The site of contact in the respective experimental setting (LLNA) is the mouse ear whereas the typical site of consumer contact with plastic articles is the palm of the hands. In the LLNA the mice were exposed topically on the dorsum of both ears to 25 il of various concentrations of MMA in acetone or in an acetone/olive oil vehicle daily for 3 consecutive days. Acetone disrupts the organization of the lipid bilayer by selectively removing lipids from intercellular lipid domains. Using acetone as a vehicle results in a substantial reduction of the barrier function of the skin and therefore enhance skin absorption for many substances (Tsai et al., 2001).In the other LLNA study a mixture of acetone olive oil was used as a vehicle. Olive oil has low volatility and would provide a lipophilic reservoir on the skin surface aiding partitioning of MMA into the stratum corneum and possibly retarding volatolisation. In contrast, consumer exposure would typically involve intimate contact between skin on the palms of the hands and the polymer product, perhaps in the presence of sweat, for periods of between several minutes to several hours. This combined with the previously established conclusion that human palm skin is likely to be considerably less permeable to MMA than mouse ear skin would indicate that the experimental scenario in the LLNA is conservative of human exposure and an overall factor of 1 is sufficiently conservative to account for differences in use pattern.

It is however, recognized that for the calculation of the consumer exposure, a 24 h continuous contact with no evaporation was assumed and that more realistically the contact with plastic products will be intermittent and of much shorter duration. Thus a factor of 1 will be extremely conservative.

8. Risk Assessment

Calculation of the risk quotient.

The two key elements for assessing the risk are the Acceptable Exposure Level (AEL) and the comparison of that AEL to the Consumer Exposure Level (CEL).

8.1. Consumer Exposure Level (CEL)

Acrylic PMMA (Poly Methyl Methacrylate)-based polymers are produced by industry using one of three free-radical initiation polymerization processes i.e. bulk polymerization, emulsion polymerization and solution polymerization (MPA, 2013).

Bulk or mass polymerization is the most common industrial polymerization process and includes the manufacture of both acrylic sheets and pellets (often referred to as resins). Cell cast acrylic (PMMA) sheets typically contains 0.05-0.3% residual monomer whereas extruded acrylic (PMMA) sheets contain 0.1-0.9% and are used in the form of articles in windows, lighting, security, safety, signage, retail displays and many other applications. Bulk polymerized polymers are also extruded into pellets and contain 0.1-0.9% residual monomer and are used by industrial processors in injection molding, compression molding and extrusion processes to make acrylic articles for lighting, displays, signage, optical and other applications.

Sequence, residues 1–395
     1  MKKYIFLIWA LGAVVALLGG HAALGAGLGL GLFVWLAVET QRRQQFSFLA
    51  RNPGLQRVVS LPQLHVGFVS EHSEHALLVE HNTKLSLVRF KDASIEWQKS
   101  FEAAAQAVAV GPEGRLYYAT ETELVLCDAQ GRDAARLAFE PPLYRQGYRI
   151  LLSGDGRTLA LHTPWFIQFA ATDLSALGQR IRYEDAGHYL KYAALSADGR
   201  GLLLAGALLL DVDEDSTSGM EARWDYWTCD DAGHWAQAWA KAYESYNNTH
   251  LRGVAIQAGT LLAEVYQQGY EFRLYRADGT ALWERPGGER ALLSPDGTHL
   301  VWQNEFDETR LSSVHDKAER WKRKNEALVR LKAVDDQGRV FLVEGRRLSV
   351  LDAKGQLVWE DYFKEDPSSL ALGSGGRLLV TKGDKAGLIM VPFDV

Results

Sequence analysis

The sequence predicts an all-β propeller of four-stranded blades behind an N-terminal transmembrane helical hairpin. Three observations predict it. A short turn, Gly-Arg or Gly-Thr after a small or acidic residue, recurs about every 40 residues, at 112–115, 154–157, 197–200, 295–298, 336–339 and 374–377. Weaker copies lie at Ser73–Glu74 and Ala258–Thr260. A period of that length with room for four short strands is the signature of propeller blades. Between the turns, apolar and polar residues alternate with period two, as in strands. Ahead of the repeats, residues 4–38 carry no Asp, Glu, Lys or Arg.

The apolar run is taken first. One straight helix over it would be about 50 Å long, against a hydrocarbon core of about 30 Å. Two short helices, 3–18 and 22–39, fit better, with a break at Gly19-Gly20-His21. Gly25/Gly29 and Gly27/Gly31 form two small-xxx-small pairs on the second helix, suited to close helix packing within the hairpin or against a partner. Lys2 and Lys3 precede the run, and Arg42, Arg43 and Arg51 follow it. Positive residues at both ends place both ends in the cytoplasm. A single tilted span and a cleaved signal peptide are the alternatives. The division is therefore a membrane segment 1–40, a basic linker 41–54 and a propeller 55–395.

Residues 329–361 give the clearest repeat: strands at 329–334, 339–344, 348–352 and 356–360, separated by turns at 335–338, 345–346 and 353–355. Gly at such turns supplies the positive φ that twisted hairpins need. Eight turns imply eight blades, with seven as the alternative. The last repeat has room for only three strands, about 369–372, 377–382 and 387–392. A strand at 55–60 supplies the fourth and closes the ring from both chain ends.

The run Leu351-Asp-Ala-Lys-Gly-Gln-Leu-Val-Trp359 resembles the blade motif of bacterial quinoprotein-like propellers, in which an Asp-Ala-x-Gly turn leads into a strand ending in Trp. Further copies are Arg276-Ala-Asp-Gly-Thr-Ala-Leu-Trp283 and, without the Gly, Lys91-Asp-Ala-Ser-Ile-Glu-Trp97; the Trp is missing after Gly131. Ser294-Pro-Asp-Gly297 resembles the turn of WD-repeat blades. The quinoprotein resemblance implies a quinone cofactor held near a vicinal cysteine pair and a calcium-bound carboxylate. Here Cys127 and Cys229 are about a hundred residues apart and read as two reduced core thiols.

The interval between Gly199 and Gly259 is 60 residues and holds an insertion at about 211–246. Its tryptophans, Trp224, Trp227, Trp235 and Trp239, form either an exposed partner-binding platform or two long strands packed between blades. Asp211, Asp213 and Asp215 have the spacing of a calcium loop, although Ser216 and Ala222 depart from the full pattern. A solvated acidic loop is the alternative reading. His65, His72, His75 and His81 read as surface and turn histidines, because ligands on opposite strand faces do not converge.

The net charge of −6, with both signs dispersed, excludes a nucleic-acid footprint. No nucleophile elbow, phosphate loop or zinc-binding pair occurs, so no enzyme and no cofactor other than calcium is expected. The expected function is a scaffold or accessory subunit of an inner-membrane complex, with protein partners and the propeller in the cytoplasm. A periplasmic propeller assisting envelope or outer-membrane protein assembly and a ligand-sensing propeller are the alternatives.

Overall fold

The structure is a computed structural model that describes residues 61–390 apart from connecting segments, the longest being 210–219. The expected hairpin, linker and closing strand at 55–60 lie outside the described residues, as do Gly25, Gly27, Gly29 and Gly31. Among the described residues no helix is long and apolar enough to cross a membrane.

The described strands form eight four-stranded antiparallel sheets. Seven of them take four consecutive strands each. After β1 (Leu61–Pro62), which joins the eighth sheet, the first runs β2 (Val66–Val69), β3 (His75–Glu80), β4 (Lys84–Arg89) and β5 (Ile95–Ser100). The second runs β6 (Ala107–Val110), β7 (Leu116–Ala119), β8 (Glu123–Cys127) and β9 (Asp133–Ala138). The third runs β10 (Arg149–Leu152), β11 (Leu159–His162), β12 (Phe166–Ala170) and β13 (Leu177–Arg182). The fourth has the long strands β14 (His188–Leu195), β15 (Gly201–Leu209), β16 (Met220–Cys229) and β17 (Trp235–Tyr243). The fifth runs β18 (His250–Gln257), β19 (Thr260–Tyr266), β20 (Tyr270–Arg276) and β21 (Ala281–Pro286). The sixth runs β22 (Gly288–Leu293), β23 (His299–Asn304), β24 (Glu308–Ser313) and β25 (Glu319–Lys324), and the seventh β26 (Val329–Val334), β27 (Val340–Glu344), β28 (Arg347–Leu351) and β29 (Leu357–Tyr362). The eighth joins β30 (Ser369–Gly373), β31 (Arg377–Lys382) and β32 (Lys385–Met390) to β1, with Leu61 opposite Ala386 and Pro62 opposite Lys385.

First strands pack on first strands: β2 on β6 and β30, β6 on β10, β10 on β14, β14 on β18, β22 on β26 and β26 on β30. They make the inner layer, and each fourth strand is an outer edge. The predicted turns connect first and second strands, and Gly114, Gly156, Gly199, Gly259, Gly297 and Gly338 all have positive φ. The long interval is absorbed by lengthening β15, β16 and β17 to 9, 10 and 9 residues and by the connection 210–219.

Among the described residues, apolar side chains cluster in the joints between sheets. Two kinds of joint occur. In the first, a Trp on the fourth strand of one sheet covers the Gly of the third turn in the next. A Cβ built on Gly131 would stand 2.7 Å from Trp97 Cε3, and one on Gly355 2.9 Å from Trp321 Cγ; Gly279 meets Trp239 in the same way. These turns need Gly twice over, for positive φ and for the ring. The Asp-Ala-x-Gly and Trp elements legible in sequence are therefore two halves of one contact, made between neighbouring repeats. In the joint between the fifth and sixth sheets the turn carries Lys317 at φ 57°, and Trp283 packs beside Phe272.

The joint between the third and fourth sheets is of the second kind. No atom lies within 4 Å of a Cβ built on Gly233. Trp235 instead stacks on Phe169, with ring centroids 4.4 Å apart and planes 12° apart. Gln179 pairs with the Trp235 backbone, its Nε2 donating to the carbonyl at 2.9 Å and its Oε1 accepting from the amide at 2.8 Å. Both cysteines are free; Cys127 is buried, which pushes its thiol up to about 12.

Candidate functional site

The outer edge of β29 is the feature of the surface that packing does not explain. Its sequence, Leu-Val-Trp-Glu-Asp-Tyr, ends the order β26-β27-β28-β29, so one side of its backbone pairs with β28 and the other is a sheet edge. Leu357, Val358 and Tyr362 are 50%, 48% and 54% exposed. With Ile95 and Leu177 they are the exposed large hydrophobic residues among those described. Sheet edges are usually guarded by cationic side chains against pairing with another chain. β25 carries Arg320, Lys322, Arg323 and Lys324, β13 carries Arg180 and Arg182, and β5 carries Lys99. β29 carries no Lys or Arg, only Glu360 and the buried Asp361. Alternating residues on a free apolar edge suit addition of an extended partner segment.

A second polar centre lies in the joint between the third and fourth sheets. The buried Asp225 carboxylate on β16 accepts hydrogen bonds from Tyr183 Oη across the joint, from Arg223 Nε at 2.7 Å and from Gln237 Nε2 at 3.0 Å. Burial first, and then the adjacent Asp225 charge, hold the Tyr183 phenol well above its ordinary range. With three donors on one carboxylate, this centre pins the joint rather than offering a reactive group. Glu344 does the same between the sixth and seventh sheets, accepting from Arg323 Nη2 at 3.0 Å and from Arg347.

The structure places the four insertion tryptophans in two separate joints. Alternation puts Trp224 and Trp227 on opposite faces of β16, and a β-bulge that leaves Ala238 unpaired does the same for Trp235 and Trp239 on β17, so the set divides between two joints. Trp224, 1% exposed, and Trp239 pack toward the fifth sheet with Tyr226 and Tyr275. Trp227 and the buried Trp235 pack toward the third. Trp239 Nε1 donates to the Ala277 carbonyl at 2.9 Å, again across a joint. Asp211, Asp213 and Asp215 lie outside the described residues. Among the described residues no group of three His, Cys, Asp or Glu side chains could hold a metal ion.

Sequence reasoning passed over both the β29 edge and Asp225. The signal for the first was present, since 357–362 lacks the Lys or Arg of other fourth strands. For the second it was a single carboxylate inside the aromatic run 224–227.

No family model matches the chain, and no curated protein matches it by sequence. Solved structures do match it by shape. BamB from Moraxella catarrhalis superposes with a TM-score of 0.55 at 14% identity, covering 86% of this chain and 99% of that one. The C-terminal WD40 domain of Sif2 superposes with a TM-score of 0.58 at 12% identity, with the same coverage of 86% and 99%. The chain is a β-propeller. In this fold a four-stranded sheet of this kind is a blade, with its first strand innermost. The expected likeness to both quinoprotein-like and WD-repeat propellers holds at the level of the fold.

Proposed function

Emulsion polymerized polymers contain 0.01-0.05% residual monomer and are supplied in the form of solid latex particles or liquid latexes or emulsions and used in the manufacture of water-based adhesives and paints, as well as coatings for paper and textiles.

Solution polymerized polymers typically contains 0.1-0.9% residual monomer and are supplied as a polymer pellet, or in solvent for the manufacture of varnishes, adhesives and coatings.

Although the handling of unprocessed acrylic sheets, polymer pellets, emulsions and solvent-based polymer solutions is typically restricted to industrial manufacturers and processors, some consumers potentially could have frequent and daily contact with end-processed and formulated acrylic polymers in the form of articles (kitchenware and utensils, reading glass lenses, LCD TV and mobile phone screens etc.), as coatings on household or personal items (paper and textiles etc.), or formulated into cleaning (polishes and waxes etc.) and Do-It-Yourself (water-based decorative paints and corks etc.) products.

While acrylic polymers typically will only represent a small portion of a formulated consumer product, in the case of solid acrylic articles and surface coatings the acrylic polymer is likely to represent the primary, if not only, surface that consumers will be contacting on a routine basis. As such consumer handling of acrylic articles and acrylic coated products and exposure to residual acrylic monomers migrating from these polymers could represent a significant contribution to overall consumer exposure.

Franz and Brandsch reported extensive kinetic studies on the migration of acrylic monomers (Methyl Acrylate, Ethyl Acrylate, Butyl Acrylate, Methyl Methacrylate and n-Butyl Methacrylate) from 11 representative acrylic polymers (produced by bulk (cast sheet and pellets) and emulsion polymerization processes) using CEN (European Committee for Standardization) methods for the testing of food contact materials (CEN, 2004). Migration into standardized simulants for saliva, sweat, aqueous foods, fatty foods and dry foods at 3 different temperatures (20 °C, 40 °C, 60 °C) was measured and the diffusion coefficients of the monomers in the polymer and the partition coefficients between polymer and contact media were determined. Migration of MMA and other acrylic monomers from acrylic materials used for rigid plastics applications (bulk polymerized polymers) was described as being